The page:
Whereas arts presenters such as the Des Moines Performing Arts or Gallagher Bluedorn can go to New York for artist showcases that lead to bookings — oftentimes offering shows midweek as the artists or productions travel between major Midwest metropolitan areas — a much smaller venue such as the Ohnward Fine Arts Center in Maquoketa needs to find shows that can play there on the weekends, to capture out-of-town audiences.
The center, which includes the Drew Art Gallery and 841-seat Kopel Theatre, opened in December 2004. In the beginning, the center relied heavily on finding performers through the Arts Midwest talent showcases. Director Richard Hall, who came onboard 13 years ago, also has strong ties with artists in Branson, Mo., known for its many live theater and performance venues.
Des Moines Performing Arts — 2,744-seat Des Moines Civic Center, 200-seat black box Stoner Theater, 299-seat Temple Theater and the outdoor Cowles Commons, all in downtown Des Moines; $15 million to $25 million budget; 40 to 50 full-time, 400 part-time employees; desmoinesperformingarts.org
Gallagher Bluedorn Performing Arts Center — University of Northern Iowa, Cedar Falls; 1,680-seat Great Hall, flexible rehearsal/recital Davis Hall, Jebe Hall with a $500,000, 38-rank pipe organ; $3.5 million to $3.6 million budget; 10 employees, 120 student employees, separate ticketing staff; gbpac.com
Hancher — 191,977-squre-foot building includes a 1,800-seat theater; $4 million to $5 million budget for its 2020-21 season; approximately 20 full-time and 100 part-time employees; hancher.uiowa.edu
Ohnward Fine Arts Center, Maquoketa — 841-seat Kopel Theatre, Drew Art Gallery with 3,600-square-foot exhibition space; $200,000 budget; 1.5 employees, 75 volunteers; ohnwardfineartscenter.com
Orchestra Iowa — based at the 1,700-seat Paramount Theatre in Cedar Rapids and also performing in venues in Iowa City, Coralville and sites around the state; $3 million budget; seven full-time and seven part-time employees, plus musicians and volunteers; celebrating its 100th season in 2022-23; artsiowa.com/orchestra-iowa/
Sioux City Art Center — 45,000 square-foot museum and galleries, 11,000-square-foot Gilchrist Learning Center; $1.5 million budget; eight full-time and seven part time employees, plus a few hundred volunteers for annual ArtSplash event; siouxcityartcenter.org
Built entirely on private donations, the center is used heavily by the community for school plays, musicals and concerts, but also brings in tribute shows from Nashville, Branson and around the Midwest. The theater is “just about booked” through 2023, which gives artists “the opportunity to find other shows to do if they’re coming up here,“ Hall said.
He’s eager to return to pre-pandemic days and ways, crossing his fingers that artists and audiences will return in full force, as well.
With a slow rollout from the pandemic, audiences are starting to come back, he said, just in time for road construction around the center to make it look harder than it is to find the two driveways for entering and exiting.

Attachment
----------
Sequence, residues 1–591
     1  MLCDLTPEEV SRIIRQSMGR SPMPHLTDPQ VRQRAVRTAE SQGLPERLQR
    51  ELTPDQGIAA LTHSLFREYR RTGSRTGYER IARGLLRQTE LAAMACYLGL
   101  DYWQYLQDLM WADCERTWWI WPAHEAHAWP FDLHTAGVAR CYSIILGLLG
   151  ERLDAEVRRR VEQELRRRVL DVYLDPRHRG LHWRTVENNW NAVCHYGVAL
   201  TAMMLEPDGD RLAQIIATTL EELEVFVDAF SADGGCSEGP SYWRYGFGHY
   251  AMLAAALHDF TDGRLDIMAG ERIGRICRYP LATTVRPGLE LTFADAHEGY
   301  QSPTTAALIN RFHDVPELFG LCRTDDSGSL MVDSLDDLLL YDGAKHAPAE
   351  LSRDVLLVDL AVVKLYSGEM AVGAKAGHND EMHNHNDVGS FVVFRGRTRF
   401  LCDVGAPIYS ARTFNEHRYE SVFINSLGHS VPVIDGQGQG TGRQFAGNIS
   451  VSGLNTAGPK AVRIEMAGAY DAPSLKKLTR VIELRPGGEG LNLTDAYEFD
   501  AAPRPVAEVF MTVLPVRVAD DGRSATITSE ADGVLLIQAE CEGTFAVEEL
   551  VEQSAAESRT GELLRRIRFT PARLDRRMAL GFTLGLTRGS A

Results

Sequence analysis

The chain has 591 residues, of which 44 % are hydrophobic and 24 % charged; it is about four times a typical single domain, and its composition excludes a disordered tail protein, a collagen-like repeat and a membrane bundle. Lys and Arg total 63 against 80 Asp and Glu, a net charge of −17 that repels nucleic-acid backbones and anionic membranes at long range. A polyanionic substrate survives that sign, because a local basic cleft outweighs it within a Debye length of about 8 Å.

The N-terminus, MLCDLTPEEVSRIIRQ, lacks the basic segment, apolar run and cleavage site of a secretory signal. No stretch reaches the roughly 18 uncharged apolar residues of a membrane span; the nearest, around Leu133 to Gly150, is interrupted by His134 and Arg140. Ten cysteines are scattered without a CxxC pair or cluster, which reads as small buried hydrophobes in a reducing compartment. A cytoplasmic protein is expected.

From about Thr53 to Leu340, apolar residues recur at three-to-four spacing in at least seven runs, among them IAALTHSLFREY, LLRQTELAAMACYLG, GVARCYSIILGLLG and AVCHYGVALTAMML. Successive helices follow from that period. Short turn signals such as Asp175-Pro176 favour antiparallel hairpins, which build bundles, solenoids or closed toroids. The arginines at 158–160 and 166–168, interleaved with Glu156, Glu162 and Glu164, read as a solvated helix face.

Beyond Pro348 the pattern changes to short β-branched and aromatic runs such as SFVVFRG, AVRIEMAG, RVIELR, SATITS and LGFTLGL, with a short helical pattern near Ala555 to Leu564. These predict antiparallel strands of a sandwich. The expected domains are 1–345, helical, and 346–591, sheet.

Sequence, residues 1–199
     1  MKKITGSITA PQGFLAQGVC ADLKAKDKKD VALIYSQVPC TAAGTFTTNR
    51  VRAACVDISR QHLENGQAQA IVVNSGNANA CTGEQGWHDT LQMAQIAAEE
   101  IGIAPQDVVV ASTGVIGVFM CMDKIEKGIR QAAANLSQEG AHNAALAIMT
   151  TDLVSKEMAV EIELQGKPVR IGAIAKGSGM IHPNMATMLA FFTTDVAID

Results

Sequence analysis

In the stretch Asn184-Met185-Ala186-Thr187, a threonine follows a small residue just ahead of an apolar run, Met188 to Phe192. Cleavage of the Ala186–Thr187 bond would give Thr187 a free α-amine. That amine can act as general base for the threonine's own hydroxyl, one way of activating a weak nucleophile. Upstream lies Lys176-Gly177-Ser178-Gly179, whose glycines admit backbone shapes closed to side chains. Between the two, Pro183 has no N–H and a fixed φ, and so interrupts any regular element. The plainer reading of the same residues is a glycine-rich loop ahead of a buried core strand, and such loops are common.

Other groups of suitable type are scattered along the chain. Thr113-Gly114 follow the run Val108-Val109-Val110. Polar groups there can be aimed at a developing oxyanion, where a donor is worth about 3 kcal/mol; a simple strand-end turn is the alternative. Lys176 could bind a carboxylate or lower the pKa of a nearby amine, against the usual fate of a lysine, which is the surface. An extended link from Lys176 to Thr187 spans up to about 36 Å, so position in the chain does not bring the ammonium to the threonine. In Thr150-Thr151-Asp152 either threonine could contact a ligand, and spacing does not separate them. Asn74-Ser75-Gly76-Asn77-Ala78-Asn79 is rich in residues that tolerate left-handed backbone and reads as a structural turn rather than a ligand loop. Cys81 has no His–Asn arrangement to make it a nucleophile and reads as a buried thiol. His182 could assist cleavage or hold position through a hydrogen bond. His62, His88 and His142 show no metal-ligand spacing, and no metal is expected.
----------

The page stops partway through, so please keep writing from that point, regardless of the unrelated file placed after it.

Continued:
Planners for Hancher, on the University of Iowa’s Iowa City campus, have had high hopes for its 50th anniversary program, which began in August. Its list of performers and shows include, among others, the Jazz at Lincoln Center Orchestra with trumpeter Wynton Marsalis, “Annie,” singer Patti LaBelle, dance theater troupe Pilobolus and, the final event of the 2022-23 season, American Ballet Theater on May 6.
“Hancher’s 50th anniversary season celebrates where we have been and starts to point the way forward,” Director Andre Perry told The Gazette in July.
Another relatively new facility is the Sioux Center Art Center, which opened in March 1997. Its roots, however, reach back to 1914 with the incorporation of the Arts Center Association of Sioux City and the opening of its first center in 1938.
A second capital campaign reached its goal with the opening of the adjacent Gilchrist Learning Center in September 2018, which freed up space within the Art Center for more storage and galleries.
The museum, which has 1,200 to 1,300 pieces in its permanent collection, also exhibited the University of Iowa’s crown jewel, Jackson Pollock’s “Mural,” from June 2014 to April 2015.
That was “a really giddy time for all of us here,” Director Todd Behrens recalled. Behrens began as the museum’s curator in 2009, then became director at the beginning of 2020, shepherding the facility and its programs through the pandemic.
The museum reopened in July 2020, but didn’t hold its first in-person reception until the end of May 2021.
“That was a relief,” Behrens said. “Through the summer, understandably, visitation was still pretty slow.”
But socially distanced classes and moving the popular ArtSplash family-oriented Labor Day festival to the Art Center’s grounds last year “helped us begin re-emerging from the doldrums,” he noted.
The 2021 festival brought in “just shy of 12,000 clicks,” and thousands of people back inside the center.
“It was probably the busiest weekend the building has ever seen, coming after the worst year the building has seen, and helped us start to get back to normal,” Behrens said.
All the presenters said they spent more time applying for grants and increasing online learning opportunities, which will continue going forward.
Orchestra Iowa is no stranger to finding a new normal, after flooding in 2008 nearly destroyed its home in the Paramount Theatre in downtown Cedar Rapids and roof damage during the 2020 derecho ruined the orchestra’s music library and damaged its offices, school and Opus Concert cafe adjacent to the Paramount.
“Surprisingly, the easiest part of the whole (pandemic) adventure” was getting audiences back in the seats for the 2021-22 season, from the September season opener on the front lawn of Brucemore mansion in southeast Cedar Rapids to the late May season-closing concerts at the Paramount and the Coralville Center for the Performing Arts.
“People were really hungry to come back to concerts,” Hankewich said. “We had gamed out two possible scenarios — a slow comeback, and the other was a spike in audience attendance, flatlining, then a decrease.
“Both scenarios were actually incorrect,” he said. “From our first concert on to our last concert, they’ve been very well attended.”